Perpetration



[pur-pi-treyt] /ˈpɜr pɪˌtreɪt/

verb (used with object), perpetrated, perpetrating.
1.
to commit:
to perpetrate a crime.
2.
to present, execute, or do in a poor or tasteless manner:
Who perpetrated this so-called comedy?
/ˈpɜːpɪˌtreɪt/
verb
1.
(transitive) to perform or be responsible for (a deception, crime, etc)
n.

mid-15c., from Late Latin perpetrationem (nominative perpetratio) “an accomplishing, performing,” noun of action from past participle stem of perpetrare “to perform, accomplish” (see perpetrate).
v.

1540s, from Latin perpetratus, past participle of perpetrare “to perform, to accomplish,” from per- “completely” + patrare “carry out,” originally “bring into existence,” from pater “father” (see father (n.)). Earlier in English was perpetren, mid-15c., from Old French perpetrer. Neither good nor bad in Latin, first used in English in statutes, hence its sense of “to perform criminally.” Related: Perpetrated; perpetrating.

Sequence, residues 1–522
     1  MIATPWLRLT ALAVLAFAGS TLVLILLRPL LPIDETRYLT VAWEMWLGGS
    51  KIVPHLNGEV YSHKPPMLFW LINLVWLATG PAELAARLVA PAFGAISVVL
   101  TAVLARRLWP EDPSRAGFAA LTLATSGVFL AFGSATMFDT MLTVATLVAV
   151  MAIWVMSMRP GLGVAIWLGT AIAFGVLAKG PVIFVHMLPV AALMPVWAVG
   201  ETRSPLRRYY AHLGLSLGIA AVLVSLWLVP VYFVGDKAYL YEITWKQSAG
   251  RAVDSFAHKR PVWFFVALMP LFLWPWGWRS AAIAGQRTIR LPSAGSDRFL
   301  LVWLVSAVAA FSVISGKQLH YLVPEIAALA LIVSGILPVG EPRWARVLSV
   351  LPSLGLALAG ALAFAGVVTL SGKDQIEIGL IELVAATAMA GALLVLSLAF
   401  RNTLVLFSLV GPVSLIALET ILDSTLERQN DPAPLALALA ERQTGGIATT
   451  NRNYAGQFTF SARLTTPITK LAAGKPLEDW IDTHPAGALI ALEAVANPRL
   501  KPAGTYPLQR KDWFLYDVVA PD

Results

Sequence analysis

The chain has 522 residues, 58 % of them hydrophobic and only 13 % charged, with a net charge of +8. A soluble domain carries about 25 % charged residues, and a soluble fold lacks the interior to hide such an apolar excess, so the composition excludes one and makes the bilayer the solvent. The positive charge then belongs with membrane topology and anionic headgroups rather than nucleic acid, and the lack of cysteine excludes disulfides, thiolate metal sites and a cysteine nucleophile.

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    [pur-pi-trey-ter] /ˈpɜr pɪˌtreɪ tər/ noun 1. a person who , or commits, an illegal, criminal, or evil act: The perpetrators of this heinous crime must be found and punished to the fullest extent of the law. n. literally “the one who did it” (in English usually an evil act), 1560s, from Late Latin perpetrator, agent […]

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